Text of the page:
METHODS

This economic evaluation is reported in accord with the Consolidated Health Economic Evaluation Reporting Standards (CHEERS) statement17 and based on NICE reference methods.18

Study Design

This economic analysis was undertaken from the perspective of the UK National Health Service using data from the SENZA-RCT.9,10 We reproduced the economic model used in the 2008 NICE Technology Appraisal of SCS.8 Comparisons were made separately for nonrechargeable (NRLFSCS) and rechargeable (RLF-SCS) variants of low-frequency SCS devices (LF-SCS).

The model simulates a population of adult patients (18 y and above) with CBLP (with pain intensity score of ≥5 cm on visual analogue scale [VAS]) despite CMM.9,10 A time horizon of 15 years and a discount rate of 3.5% were used for both costs and outcomes.8,16 The time horizon reflects the chronic nature of the condition and the intended longevity of the devices, ensuring at least one replacement procedure for each device type (10 kHz-SCS, NRLF-SCS, and RLF-SCS).

Model Structure

The model was developed in Microsoft Excel 2016 comprising a decision tree and Markov “state transition” model. On the basis of relevant clinical data, the decision tree was used to explore the clinical pathway of patients in the short-term (first 6 mo) after SCS implantation (Fig. 1A), and the Markov model used over the long-term (Fig. 1B).

FIGURE 1
FIGURE 1:
Six-month decision tree (A) and long-term Markov model schematics (B). *SCS devices may also be removed due to paresthesia and other adverse events. 10 kHz-SCS indicates 10 kHz high-frequency spinal cord stimulation; CMM, conventional medical management; M, Markov model; NRLF-SCS, nonrechargeable low-frequency spinal cord stimulation; RLF-SCS, rechargeable low-frequency spinal cord stimulation; SCS, spinal cord stimulation.

Before entering the decision tree, all patients allocated to SCS first undertook a SCS screening trial, with an external stimulator for up to 14 days to assess pain relief, as per clinical practice. Patients with satisfactory pain relief (≥50% reduction in VAS score), received a permanent SCS implant and those without sufficient relief received CMM alone. After permanent implantation, the decision tree considered the initial 6 months’ response to treatment with or without complications (Fig. 1A). After 6 months, patients entered a Markov model to explore the clinical pathways over the long-term (Fig. 1B) using 6 mutually exclusive health states:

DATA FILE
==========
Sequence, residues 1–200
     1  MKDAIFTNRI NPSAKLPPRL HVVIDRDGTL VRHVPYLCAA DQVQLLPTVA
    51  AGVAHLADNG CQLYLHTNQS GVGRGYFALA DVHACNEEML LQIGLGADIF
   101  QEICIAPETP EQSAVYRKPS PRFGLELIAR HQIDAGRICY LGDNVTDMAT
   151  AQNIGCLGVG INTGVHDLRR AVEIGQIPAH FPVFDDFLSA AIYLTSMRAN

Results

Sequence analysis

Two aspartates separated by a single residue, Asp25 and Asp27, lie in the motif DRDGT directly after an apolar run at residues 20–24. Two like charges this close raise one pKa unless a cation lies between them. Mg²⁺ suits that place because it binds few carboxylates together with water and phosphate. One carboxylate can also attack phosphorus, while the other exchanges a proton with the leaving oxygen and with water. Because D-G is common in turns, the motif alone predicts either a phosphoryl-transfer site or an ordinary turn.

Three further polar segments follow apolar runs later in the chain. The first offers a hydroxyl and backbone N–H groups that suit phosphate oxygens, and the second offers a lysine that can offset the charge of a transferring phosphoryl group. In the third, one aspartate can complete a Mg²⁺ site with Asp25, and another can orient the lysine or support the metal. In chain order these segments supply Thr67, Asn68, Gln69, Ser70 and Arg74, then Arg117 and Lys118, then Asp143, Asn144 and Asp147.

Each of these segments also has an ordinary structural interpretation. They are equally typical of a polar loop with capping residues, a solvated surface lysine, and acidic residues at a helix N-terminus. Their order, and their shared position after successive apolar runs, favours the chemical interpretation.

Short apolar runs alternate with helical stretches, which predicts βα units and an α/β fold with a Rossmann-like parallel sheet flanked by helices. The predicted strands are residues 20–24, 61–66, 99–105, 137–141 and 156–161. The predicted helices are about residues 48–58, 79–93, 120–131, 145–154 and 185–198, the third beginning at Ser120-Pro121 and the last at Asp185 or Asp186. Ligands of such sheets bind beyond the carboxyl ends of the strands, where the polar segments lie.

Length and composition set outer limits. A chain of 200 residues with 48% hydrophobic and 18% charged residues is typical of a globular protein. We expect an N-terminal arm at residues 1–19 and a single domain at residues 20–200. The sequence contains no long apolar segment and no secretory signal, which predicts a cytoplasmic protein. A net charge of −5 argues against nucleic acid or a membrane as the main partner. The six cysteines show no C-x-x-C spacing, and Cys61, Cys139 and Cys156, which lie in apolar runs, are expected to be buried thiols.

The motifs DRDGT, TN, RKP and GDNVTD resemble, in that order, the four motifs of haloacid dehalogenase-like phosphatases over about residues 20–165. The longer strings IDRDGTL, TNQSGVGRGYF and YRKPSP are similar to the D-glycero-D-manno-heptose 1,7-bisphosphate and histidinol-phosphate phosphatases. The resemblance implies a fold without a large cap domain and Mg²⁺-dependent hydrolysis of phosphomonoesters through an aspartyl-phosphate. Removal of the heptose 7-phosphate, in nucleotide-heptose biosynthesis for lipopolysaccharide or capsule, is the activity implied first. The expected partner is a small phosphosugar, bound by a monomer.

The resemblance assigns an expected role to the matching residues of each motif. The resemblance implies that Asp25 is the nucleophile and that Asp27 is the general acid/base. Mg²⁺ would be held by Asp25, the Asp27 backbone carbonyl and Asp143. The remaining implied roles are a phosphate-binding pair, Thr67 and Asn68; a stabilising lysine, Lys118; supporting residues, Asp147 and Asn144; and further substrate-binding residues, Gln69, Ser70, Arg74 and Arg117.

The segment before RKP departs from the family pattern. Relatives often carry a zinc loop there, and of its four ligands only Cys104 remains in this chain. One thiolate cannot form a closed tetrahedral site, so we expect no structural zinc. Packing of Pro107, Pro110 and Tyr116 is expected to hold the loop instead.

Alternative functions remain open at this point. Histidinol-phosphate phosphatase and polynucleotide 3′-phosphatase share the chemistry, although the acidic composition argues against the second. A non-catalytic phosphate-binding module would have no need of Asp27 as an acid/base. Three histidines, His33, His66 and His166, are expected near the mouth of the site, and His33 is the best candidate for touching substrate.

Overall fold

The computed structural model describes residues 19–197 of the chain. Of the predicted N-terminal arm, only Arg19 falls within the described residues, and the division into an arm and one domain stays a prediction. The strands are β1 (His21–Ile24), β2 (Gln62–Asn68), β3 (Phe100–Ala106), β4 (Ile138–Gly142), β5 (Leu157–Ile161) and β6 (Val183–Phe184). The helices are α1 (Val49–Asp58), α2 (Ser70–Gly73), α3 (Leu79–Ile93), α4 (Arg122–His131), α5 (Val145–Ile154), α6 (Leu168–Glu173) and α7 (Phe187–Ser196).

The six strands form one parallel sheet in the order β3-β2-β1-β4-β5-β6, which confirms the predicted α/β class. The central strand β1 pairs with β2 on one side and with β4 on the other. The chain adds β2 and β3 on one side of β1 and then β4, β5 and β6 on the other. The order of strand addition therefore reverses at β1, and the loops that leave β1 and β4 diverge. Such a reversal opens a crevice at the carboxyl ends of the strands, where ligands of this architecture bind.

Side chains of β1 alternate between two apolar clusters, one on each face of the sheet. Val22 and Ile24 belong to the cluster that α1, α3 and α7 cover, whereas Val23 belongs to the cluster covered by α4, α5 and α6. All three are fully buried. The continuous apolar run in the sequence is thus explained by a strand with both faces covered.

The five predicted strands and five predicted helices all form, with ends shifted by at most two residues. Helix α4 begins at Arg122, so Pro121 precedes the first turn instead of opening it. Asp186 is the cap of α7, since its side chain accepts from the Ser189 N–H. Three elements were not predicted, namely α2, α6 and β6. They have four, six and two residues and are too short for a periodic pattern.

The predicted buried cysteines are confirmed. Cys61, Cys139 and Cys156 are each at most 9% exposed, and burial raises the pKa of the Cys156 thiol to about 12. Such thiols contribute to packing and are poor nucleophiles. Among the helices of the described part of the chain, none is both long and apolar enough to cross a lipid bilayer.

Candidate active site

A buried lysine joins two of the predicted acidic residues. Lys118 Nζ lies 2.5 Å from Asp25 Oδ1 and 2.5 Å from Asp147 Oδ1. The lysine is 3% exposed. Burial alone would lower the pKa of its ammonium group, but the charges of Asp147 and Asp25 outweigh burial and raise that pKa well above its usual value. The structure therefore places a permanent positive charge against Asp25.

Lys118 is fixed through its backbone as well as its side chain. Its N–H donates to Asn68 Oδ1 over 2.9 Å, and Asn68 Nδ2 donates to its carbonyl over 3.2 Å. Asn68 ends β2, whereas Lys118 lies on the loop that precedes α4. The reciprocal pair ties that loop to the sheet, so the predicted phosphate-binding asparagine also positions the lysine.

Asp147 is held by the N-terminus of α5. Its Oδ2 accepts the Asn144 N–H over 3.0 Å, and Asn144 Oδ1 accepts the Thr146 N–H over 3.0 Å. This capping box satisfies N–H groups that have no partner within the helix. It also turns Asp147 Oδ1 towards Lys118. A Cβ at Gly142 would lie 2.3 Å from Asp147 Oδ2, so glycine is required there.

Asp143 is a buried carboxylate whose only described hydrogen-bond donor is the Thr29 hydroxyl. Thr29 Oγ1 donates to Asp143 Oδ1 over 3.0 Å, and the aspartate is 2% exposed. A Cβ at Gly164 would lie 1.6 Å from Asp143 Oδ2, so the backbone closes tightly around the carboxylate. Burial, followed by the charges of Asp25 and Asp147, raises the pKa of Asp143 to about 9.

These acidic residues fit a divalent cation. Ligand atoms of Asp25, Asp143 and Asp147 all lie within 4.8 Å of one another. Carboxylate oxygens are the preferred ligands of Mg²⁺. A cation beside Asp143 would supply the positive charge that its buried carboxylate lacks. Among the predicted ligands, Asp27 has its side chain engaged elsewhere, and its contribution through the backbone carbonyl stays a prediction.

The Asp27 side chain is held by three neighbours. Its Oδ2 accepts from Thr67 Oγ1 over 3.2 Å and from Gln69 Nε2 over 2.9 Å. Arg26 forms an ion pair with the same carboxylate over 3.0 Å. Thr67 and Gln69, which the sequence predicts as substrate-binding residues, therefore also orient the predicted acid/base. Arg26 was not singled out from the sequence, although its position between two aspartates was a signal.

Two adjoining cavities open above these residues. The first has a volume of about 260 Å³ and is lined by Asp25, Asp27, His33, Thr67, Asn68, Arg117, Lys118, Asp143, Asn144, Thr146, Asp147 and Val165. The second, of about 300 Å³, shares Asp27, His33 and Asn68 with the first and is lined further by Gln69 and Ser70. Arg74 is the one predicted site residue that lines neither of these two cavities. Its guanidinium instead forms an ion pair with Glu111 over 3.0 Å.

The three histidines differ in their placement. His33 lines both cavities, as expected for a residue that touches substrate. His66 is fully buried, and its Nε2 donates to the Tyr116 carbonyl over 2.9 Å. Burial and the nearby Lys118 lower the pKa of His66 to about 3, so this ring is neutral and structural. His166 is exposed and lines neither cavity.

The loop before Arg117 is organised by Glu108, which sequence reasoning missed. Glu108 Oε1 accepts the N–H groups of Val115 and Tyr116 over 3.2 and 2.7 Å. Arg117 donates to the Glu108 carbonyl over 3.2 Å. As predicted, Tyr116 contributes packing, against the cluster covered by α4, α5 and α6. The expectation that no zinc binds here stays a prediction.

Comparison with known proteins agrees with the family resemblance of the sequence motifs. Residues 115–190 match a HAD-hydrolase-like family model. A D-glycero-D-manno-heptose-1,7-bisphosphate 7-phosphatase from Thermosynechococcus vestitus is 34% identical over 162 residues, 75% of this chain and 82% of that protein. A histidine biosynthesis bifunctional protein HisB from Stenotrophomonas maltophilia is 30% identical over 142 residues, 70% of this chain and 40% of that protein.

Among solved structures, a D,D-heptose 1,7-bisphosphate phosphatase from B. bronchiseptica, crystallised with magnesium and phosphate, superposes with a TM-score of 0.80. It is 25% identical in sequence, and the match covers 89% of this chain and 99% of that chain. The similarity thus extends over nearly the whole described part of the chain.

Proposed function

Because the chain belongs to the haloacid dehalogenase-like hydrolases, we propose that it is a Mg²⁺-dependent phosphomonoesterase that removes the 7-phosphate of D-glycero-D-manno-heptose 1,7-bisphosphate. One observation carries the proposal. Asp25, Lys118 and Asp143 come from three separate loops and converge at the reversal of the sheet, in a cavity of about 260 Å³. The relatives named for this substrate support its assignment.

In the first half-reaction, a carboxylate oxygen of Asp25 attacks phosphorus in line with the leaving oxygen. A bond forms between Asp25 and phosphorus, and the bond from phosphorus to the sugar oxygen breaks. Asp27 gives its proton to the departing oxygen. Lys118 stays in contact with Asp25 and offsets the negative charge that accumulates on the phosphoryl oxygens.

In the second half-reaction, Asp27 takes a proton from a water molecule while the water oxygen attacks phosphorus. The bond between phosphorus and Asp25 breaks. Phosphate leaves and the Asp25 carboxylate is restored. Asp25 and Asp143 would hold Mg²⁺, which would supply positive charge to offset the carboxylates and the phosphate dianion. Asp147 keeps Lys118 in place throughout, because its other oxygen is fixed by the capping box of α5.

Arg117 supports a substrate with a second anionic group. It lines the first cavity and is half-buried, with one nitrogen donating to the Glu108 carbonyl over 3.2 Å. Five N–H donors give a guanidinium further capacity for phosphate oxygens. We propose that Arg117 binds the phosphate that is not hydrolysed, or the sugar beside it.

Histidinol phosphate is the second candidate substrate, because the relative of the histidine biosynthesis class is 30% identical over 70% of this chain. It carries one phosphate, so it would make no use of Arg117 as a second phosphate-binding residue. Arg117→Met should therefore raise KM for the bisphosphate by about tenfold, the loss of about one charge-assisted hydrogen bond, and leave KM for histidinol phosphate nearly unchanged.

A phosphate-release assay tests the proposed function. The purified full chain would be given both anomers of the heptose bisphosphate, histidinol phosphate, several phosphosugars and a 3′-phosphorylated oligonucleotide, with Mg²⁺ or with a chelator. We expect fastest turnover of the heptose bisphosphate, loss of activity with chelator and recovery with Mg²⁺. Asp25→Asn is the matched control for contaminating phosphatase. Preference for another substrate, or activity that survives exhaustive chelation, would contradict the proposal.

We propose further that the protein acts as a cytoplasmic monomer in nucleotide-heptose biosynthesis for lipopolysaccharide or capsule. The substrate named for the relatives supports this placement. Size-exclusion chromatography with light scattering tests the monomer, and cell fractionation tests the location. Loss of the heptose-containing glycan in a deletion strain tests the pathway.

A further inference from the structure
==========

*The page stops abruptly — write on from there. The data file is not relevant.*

• Optimal pain relief (defined as ≥50% reduction in VAS score for leg pain) with no complications.
  • Optimal pain relief with complications (device related complications, eg, lead migration or other complications, eg, infections).
  • Sub-optimal pain relief (some pain relief but <50% reduction in VAS score for leg pain) with no complications.
  • Sub-optimal pain relief with complications.
  • No perceived pain relief (no impact on pain experienced by the patient despite a well-functioning device).
  • (a) Consequently, this relates to a change in treatment strategy (eg, device explant/removal or subsequent reoperation) and reverting to CMM alone.
  • (b) Patients may also have a device explant due to intolerable paresthesia or other complications (eg, surgical site infection).
  • Death (all-cause mortality).

During each 3-month cycle, SCS patients’ health state remained unchanged (optimal or sub-optimal pain relief), unless they:

  • Had their SCS device removed due to insufficient pain relief, intolerable paresthesia or other complication (eg, infection).
  • Received spinal surgery for insufficient pain relief (CMM alone arm).
  • Died.

Patients with optimal or sub-optimal pain relief, could experience device-related complications not requiring a device explant in each cycle. All-cause mortality was included but no device or procedure-related deaths were modelled.

Clinical Inputs and Model Parameters